Many people think investing is complicated, messy stuff that you couldn’t possibly handle on your own. No wonder so many investors become paralyzed with fear and indecision, and often find themselves in complex or expensive products that they don’t really need. Even if it is true that there are some people (very few) who have delivered tremendous returns by using arcane investment strategies, the rest of us would probably just need a well-built straightforward portfolio.

It is a mistake to assume that simple isn’t necessarily better when often it really is. In fact, most advisers suggest having a simple, broadly exposed equities fund at the core of an investment portfolio rather than anything too specific or niche.

Mistaking “Cheap” For “Not Good”

A general rule of thumb is that “you get what you pay for”. We know, for example, that if we are paying more for a car, we’re usually getting a better car. But this rule doesn’t necessarily hold true in the investing world. Generally speaking, paying less will get you better long-term returns, helping your money compound faster over the years. It is a mistake to think that if a fund charges a little bit more, the manager has to be better – in fact, it has been shown time and again that many active managers consistently fail to outperform the cheapest index funds.

Overlooking Small Numbers

With so much data competing for investors’ attention, it’s easy to overlook the smaller numbers or what seem like small differences. But this can be damaging in the long term, especially when it comes to costs. You might think, for example: “That difference could it possibly make if I pay 1% for a fund versus paying 0.60%”? Well, when that money gets compounded over the years, that can be a huge difference. If you invest €10,000 in a fund charging 0.2%, assuming no capital growth, after 20 years you would have €9,608 left. If the fund charged 1.5%, however, you would have just €7,391 left after that period. In investing, it is a mistake to blow off small numbers because they look unimportant. And the same holds true with inflation: even small percentages on long term make an enormous deal in terms of eroding your purchasing power.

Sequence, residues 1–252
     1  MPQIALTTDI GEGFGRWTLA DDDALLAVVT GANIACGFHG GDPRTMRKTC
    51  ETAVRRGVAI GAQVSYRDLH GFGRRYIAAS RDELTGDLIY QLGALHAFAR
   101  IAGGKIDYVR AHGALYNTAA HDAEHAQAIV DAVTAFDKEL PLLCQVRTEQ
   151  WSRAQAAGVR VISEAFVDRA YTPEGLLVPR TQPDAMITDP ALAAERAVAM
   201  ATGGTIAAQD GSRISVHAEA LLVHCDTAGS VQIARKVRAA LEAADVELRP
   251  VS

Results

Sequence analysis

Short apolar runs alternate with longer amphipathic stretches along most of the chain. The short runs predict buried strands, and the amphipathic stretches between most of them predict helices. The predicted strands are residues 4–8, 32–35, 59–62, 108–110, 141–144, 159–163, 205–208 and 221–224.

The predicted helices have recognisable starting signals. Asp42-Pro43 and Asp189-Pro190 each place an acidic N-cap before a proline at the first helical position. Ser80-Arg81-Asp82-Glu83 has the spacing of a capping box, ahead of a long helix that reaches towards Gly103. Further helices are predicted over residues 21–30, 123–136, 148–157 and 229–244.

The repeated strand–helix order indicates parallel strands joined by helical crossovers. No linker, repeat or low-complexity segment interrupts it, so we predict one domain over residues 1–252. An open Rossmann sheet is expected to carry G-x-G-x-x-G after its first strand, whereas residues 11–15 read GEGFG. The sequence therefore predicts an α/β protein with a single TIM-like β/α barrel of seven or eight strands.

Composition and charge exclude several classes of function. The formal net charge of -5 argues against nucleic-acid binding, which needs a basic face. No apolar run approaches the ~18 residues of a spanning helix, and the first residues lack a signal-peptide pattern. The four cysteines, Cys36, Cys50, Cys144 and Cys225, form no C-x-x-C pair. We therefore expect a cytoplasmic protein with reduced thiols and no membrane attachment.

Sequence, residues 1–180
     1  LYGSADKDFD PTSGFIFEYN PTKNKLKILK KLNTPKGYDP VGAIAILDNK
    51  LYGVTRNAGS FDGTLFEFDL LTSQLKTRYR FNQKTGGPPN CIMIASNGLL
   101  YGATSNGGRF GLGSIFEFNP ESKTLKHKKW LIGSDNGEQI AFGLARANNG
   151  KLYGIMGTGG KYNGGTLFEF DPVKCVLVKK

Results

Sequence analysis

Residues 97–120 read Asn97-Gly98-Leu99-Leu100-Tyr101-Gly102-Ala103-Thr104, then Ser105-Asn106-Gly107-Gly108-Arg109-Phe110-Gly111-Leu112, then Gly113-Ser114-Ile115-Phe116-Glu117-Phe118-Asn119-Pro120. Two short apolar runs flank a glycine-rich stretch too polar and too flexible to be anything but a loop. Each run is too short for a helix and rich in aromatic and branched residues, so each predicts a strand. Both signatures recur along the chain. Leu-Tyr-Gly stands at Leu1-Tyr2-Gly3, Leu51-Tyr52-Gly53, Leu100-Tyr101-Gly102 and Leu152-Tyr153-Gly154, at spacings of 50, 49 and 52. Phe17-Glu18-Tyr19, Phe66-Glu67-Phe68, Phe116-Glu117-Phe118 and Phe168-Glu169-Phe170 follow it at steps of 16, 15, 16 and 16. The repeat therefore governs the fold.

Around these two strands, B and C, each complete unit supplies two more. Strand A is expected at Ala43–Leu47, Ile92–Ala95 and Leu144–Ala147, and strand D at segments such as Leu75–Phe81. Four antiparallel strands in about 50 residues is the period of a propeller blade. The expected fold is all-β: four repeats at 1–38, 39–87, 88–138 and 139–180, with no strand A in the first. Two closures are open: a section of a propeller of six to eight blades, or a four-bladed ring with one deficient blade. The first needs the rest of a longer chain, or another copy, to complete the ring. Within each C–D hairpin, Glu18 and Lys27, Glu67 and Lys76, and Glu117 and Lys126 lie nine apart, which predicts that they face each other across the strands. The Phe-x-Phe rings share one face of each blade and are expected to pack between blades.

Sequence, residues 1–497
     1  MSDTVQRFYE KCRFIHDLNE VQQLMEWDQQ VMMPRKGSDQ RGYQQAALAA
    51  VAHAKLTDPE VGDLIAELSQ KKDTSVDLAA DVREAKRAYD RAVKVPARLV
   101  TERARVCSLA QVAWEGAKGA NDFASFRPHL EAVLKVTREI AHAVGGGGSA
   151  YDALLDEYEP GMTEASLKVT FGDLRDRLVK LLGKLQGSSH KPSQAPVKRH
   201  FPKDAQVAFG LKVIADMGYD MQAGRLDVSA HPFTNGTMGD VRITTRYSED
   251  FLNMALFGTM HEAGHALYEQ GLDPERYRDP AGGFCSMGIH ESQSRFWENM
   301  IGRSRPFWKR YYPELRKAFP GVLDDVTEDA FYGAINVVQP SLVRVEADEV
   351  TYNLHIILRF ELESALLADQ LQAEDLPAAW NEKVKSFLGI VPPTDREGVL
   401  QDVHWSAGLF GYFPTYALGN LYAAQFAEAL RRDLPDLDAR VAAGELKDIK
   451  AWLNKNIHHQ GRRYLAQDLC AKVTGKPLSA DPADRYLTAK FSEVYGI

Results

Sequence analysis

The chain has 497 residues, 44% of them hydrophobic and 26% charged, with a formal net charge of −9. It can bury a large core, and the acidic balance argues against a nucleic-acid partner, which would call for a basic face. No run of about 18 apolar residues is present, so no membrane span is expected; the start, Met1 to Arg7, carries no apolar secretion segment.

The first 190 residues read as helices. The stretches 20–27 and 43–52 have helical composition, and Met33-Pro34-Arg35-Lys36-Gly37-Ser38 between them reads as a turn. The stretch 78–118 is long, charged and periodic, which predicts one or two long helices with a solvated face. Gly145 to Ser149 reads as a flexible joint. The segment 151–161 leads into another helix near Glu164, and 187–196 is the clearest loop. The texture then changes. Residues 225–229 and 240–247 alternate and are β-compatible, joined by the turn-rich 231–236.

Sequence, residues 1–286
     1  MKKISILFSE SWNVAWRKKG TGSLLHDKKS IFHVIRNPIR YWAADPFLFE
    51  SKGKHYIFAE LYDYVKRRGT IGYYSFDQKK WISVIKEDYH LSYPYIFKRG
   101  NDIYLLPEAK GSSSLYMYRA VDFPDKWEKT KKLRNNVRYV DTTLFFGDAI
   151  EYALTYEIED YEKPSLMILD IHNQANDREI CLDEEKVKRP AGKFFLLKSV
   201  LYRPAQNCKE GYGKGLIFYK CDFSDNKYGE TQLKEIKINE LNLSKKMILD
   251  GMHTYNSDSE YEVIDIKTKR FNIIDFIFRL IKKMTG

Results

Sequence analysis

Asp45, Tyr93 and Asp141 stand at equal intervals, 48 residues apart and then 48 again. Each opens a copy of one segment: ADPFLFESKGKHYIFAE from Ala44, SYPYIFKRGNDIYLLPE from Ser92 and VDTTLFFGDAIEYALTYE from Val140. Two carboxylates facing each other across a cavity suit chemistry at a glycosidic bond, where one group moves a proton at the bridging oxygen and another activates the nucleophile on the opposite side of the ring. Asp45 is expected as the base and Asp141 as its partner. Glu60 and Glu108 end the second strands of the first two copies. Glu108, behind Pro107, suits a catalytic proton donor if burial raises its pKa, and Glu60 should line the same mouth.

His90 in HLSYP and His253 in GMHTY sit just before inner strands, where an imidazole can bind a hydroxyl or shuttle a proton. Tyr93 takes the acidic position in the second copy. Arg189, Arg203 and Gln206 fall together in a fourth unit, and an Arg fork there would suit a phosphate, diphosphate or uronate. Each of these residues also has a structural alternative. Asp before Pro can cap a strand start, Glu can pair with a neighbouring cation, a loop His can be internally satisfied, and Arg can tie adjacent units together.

Forgetting the Simple Stuff

Investing is all well and good, but it’s still crucial to have an easily accessible emergency stash of cash in case the unexpected happens. Many experts suggest setting aside at least six to 12 months’ worth of living expenses.

Letting your money sleep in your cash saving account is arguably the worst option (right after putting it under the mattress) – the interest is almost always lower than inflation, so you’re constantly losing money in real terms. When it comes to liquidity, instruments that offer the best risk/reward ratio change very quickly. Therefore, in contrast with your stock and bond investments, where buying and holding is often the right answer, you may have good reason to be more hands-on with your cash accounts.

Listening to the Noise 

Over the years, investors have gained much more access to information. They can get it on 24-hour news, through the internet or via social networks. Plugging into economic data and newspaper headlines will hardly help anyone to better position their portfolio. The whole investment industry tries to invest ahead of the news flow, so by the time we read about it or see it on TV, it’s usually already factored into security prices.

A more effective approach is to let valuations be your guide as to what to do next. Basically, it means that you should periodically rebalance your portfolio, cutting back on the securities that have performed really well, and adding to those areas that look undervalued. That’s a better guide to market performance than the news’ flow.

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The 10 Best Passive Income Investments For 2021 – Make Money While You Sleep! – Forbes